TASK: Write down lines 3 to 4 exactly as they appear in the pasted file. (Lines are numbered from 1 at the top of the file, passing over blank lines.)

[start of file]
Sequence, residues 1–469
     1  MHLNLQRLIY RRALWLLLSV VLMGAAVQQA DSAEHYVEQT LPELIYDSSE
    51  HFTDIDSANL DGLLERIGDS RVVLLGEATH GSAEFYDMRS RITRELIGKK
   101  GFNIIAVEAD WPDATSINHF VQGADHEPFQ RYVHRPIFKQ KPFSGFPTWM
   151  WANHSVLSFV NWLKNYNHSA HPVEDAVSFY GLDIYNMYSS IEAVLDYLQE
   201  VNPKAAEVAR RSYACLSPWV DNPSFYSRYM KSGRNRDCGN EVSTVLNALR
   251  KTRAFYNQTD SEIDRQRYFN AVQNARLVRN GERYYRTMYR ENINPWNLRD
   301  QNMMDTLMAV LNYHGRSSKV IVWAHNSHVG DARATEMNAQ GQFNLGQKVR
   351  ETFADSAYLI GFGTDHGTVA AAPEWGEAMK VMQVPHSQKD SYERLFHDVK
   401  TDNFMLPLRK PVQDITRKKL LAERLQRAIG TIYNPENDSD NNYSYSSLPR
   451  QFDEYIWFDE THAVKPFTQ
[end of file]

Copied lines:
    51  HFTDIDSANL DGLLERIGDS RVVLLGEATH GSAEFYDMRS RITRELIGKK
   101  GFNIIAVEAD WPDATSINHF VQGADHEPFQ RYVHRPIFKQ KPFSGFPTWM